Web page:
Alternatively, one can observe that for n =2, once the color for pebble 1 is selected there are C(7,3) =35 ways of choosing the remaining 3 pebbles of that color, as was mentioned in the writeup. It doesn’t matter that pebble 1 could have been another color; we are only concerned about color differences. For n=3, there are C(11,3)=165 possible sets of associates of pebble 1, leaving 8 pebbles to be split into 2 colors—which is just the n=2 case. So, for n=3 the answer is 165×35. Similarly, for n=4 the answer is C(15,3)=455 times 5,775.

Figure 2

Problem 2

Find the 7 multigraphs on three vertices with four edges at each vertex and use them to solve the problem[1] for n=3.

  • Answer: The 7 multigraphs on three vertices are shown in Figure 2. (Figure 1 refers to the original problem writeup.)  The multigraphs can be characterized by the number of loops at each vertex: (2,2,2), (2,1,1), (2,0,0), (1,1,1), (1,1,0), (1,0,0), (0,0,0). (Thanks to Gary Wang for this notation.) Multigraphs for the first three triples correspond to a two-loop vertex added to the multigraphs in Figure 1. 

The second part of this problem asks for the solutions (pairs of piles) corresponding to each multigraph. Here are the piles for each multigraph:

  • For (2,2,2), they are {AA, BB, CC} & {AA, BB, CC}.
  • For (2,1,1), they are {AA, BC, BC} & {AA, BB, CC}.
  • For (2,0,0), they are {AA, BC, BC} & {AA, BC, BC}.
  • For (1,1,1), they are {AA, BB, CC} & {AB, AC, BC}.
  • For (1,1,0), they are {AA, BC, BC} & {CC, AB, AB}.
  • For (1,0,0), they are {AA, BC, BC} & {AB, AC, BC}.
  • For (0,0,0), they are {AB, AC, BC} & {AB, AC, BC}.
Figure 3

Problem 3

How many multigraphs on four vertices with four edges at each vertex are there?

  • Answer: 20
  • Solution: Finding each of the 20 was a fun exercise, for me. Here are some hints if you want to look for them for yourself. You can get 7 by adding a two-loop vertex

to each of the multigraphs in Figure 2. You can get 3 more by combining the 2nd and 3rd multigraphs for n=2 from Figure 1. The remaining multigraphs are each connected; there are 10 of them. Using the number loops by vertex, there are 5 possibilities; the 10 multigraphs are distributed as follows: 1 with (1,1,1,1), 1 with (1,1,1,0), 3 with (1,1,0,0), 2 with (1,0,0,0) and 3 with (0,0,0,0). Alternatively, there are five underlying shapes of the multigraphs (with loops and duplicate edges deleted). The 10 connected multigraphs are distributed among the five underlying shapes as indicated in Figure 3.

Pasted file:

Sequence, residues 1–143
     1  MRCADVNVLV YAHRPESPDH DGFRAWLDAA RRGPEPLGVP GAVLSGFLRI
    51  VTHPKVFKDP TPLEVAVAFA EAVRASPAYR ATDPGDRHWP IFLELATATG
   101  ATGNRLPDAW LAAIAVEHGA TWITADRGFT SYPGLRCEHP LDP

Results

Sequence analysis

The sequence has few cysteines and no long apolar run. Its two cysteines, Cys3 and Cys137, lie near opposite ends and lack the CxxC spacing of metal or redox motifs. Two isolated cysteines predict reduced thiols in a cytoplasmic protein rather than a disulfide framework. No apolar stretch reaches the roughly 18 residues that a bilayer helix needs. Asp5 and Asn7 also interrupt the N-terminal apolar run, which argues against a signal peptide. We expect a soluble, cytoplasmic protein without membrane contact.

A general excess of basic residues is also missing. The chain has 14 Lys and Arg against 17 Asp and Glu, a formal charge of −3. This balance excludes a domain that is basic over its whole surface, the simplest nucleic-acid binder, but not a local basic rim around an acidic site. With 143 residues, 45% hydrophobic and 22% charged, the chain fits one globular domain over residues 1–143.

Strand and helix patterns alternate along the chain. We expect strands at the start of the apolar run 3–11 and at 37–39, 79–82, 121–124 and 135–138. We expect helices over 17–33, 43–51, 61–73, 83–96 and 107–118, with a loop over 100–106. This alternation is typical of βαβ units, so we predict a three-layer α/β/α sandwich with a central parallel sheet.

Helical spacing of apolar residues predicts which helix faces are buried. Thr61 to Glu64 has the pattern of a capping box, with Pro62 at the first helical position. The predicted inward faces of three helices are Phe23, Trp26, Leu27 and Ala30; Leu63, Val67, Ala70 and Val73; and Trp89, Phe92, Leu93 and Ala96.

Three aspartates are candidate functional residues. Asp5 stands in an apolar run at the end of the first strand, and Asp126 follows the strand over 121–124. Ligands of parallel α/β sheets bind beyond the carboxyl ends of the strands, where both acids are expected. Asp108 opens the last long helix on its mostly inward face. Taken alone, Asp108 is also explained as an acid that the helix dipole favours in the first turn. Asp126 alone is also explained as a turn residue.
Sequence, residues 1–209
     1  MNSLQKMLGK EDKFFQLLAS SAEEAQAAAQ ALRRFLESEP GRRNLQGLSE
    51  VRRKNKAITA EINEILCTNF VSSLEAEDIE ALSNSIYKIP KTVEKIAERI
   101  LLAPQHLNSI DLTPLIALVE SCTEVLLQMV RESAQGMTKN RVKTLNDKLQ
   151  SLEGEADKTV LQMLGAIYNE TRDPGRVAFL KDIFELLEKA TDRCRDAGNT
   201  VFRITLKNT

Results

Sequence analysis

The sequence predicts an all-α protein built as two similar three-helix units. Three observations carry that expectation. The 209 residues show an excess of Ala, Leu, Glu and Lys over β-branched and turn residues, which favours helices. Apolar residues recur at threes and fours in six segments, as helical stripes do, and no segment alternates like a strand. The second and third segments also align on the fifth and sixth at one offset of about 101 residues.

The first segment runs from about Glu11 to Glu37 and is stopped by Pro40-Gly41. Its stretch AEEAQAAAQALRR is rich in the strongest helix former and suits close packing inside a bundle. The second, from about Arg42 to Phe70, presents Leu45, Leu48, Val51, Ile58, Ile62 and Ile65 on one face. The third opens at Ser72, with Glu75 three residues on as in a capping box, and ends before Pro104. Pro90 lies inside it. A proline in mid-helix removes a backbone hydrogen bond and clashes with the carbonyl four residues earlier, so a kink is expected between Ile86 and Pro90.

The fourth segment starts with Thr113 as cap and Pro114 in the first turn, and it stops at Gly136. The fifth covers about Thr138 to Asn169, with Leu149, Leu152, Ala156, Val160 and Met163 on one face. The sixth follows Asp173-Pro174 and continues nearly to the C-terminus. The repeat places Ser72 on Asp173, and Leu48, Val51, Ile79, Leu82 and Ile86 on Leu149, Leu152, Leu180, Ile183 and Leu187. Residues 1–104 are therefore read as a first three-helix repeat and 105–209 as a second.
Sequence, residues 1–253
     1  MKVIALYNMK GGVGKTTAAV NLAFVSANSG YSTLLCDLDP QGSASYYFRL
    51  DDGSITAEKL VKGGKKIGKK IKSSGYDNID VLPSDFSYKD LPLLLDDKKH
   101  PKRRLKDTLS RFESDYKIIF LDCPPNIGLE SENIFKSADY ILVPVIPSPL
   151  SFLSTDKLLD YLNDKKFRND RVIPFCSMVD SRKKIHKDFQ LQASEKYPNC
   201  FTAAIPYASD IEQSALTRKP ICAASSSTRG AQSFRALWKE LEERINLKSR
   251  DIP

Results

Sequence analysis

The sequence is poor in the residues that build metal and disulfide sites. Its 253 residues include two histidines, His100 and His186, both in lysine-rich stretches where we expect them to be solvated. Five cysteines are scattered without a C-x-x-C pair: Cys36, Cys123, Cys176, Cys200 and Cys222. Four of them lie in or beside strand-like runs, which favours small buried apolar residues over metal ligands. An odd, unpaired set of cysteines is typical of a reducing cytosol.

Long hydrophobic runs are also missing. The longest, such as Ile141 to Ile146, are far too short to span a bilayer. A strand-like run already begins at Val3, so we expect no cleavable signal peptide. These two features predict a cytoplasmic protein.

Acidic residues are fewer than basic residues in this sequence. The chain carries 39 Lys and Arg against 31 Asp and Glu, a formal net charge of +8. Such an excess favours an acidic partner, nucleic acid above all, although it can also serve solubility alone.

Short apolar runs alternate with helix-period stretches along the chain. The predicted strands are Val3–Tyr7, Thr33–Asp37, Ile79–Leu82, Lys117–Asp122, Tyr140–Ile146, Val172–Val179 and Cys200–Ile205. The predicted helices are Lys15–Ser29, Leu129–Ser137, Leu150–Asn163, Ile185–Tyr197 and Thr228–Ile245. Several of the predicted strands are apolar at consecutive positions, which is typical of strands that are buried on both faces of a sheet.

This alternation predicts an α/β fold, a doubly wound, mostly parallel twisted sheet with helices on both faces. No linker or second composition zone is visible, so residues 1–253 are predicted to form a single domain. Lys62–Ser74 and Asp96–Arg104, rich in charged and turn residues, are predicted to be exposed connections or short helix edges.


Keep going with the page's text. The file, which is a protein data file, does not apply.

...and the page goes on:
Advice to multigraph hunters: 1) Sometimes pictures that look different are really the same multigraph. 2) How can you tell if you have all the multigraphs on n vertices? Write down n equations in n(n+1)/2 unknowns. One equation for each vertex and one unknown for each possible line, including loops. And then add appropriate restrictions. In our case, the right side of each equation is 4, and the unknowns are restricted to integers from 0 to 4, the loop unknowns are further restricted to either 0 or 1. (2 would correspond to a two-loop vertex added to a multigraph on n-1 vertices.) Using further restrictions, one can proceed on a case-by-case analysis. This process will find all the multigraphs, but you are likely to get many duplicates. 3) How can you tell if you have duplicates, once you’re sure you have them all.  OEIS A129429 shows that the “number of isomorphism classes of 4-regular multigraphs of order n, loops allowed” is 1, 3, 7, 20, 54, … for n = 1, 2, 3, … (“4-regular” means 4 edges at each vertex and “order n” means n vertices.)

Notes on Solutions. Solutions presented here are not unique in many ways. What is presented is an (easy) pairing up algorithm to solve the problem stated. Even for n = 2, there are solutions that do not fit the algorithm and there are even multiple ways to implement the algorithm. And for n = 4, there are some multigraphs for which different solutions (or algorithms) can be implemented. Finally, it is interesting to look back at the distribution of the 35 colorings over the 3 multigraphs for n = 2.  It is 3, 24, 8. For n = 3, the distribution is 15, 360, 120, 960, 1440, 1920, 960.      


Robert Bartholomew, Rui Guo, Clive Keatinge, David Promislow, Dan N. Ropp, Michael Schachet, John Snyder, and Gary Wang.


[1] “The problem” referred to here is to arrange the pebbles into two piles, so that the total weight of each pile is the same and each pile contains two pebbles of each color. We transformed this problem into creating a multigraph for each coloring and then creating the piles from the multigraphs. Capital letters represent distinct colors and vertices. Pairs of capital letters represent edges.